“Quatrefoils can be used for rectangular object-based operation, while stars are for more intricate architectures, and irregular-shaped ones are specifically for implanted bioelectronics,” said Muhammad Hussain, co-author and a visiting professor at the University of California, Berkeley.

With their work, the researchers are introducing a new branch of flexible, stretchable electronics — opening the door to new engineering challenges and providing opportunities for innovation in biomedical technologies that can be used for drug delivery, health monitoring, diagnosis, therapeutic healing, implants and soft robotics.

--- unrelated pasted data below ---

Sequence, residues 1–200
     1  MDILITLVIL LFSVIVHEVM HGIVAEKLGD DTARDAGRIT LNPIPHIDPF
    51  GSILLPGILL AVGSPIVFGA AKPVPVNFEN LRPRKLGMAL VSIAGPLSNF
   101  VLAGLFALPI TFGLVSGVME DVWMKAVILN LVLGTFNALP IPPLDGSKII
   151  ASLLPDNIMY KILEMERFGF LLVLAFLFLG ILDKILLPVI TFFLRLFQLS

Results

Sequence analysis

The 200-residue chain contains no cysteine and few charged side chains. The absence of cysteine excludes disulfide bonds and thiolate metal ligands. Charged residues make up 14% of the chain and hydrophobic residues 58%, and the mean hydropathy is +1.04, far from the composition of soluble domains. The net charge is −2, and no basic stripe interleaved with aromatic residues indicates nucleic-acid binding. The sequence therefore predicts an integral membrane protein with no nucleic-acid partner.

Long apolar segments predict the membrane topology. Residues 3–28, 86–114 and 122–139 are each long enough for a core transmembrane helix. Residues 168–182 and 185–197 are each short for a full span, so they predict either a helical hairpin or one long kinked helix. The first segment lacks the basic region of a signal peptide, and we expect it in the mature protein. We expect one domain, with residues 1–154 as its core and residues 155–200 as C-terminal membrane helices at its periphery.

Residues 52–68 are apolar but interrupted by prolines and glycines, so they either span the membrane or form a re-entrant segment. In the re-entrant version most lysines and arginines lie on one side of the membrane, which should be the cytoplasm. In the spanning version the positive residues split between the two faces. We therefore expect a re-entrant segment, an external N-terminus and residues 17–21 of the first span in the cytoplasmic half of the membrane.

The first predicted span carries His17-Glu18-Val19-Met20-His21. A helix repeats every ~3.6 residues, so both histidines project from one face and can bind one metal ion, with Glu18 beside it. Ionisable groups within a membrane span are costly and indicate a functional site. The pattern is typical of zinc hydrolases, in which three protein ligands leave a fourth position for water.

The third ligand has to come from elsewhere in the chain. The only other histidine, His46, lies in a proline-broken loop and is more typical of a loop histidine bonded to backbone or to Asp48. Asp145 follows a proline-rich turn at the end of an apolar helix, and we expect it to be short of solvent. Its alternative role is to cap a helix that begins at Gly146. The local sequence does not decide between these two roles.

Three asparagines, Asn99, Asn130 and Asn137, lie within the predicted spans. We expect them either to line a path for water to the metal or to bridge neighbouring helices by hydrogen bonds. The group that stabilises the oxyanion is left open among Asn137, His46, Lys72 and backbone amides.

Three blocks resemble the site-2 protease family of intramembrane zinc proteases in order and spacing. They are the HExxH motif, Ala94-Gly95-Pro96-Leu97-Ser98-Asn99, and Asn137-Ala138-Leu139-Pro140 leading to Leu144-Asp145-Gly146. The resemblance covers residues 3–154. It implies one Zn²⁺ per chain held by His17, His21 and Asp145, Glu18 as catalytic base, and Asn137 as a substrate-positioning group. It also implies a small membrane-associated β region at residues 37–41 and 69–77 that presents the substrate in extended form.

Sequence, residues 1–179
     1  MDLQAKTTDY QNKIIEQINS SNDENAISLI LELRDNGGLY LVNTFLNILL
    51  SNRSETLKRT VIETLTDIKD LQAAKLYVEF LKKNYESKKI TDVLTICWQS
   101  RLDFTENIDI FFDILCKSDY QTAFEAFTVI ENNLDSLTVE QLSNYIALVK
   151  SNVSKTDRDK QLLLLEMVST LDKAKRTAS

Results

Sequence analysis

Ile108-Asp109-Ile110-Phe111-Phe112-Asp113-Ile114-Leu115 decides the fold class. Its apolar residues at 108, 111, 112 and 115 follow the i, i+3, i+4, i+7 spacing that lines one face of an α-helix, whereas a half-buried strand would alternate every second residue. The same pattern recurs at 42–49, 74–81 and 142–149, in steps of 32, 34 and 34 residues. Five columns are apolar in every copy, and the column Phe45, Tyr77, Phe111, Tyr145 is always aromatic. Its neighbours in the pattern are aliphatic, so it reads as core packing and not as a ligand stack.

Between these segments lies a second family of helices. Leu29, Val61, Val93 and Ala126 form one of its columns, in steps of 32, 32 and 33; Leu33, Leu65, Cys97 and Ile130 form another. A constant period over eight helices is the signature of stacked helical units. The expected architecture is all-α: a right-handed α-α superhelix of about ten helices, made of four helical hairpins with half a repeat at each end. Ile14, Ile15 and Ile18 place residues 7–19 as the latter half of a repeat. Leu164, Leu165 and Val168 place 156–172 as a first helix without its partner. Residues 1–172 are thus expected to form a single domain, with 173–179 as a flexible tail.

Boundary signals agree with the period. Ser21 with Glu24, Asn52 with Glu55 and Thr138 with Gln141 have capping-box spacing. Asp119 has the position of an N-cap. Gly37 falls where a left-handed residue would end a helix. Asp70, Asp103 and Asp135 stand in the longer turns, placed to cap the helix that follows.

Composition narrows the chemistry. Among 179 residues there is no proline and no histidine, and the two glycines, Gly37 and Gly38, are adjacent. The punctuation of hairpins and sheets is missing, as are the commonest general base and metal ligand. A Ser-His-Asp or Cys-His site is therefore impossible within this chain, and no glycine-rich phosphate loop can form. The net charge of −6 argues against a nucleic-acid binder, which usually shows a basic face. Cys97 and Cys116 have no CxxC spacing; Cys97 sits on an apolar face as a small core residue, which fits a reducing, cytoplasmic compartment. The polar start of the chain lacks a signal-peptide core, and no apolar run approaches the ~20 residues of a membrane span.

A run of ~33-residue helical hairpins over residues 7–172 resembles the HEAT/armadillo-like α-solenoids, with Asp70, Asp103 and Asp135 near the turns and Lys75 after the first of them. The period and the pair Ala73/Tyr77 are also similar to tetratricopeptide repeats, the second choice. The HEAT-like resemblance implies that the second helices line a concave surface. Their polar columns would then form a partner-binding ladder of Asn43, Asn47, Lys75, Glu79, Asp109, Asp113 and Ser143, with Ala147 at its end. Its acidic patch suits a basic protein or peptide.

Inspiration for the group’s honeycomb-shaped platform comes from nature. “Think of how flowers bloom. Based on the same principle, we gathered many videos of flowers blossoming, analyzed their geometric pattern and used them for our first set of designs,” Hussain said. “In particular, we analyzed their stress distribution in an iterative manner, taking design architecture, materials and their properties into consideration. It’s a tedious process to reach the optimal balance, but this is where engineering helps.”

Reconfigurable electronic platforms are designed to undergo physical deformation, such as stretching, bending, folding or twisting to morph into another shape. “Imagine that a lab-on-chip platform is implanted within your body to monitor the growth of a tumor in the shoulder area,” said Hussain. “While it is implanted, if we observe some abnormality in lung function, a platform that is equipped enough can change its shape and size, and relocate or expand to go monitor lung function.”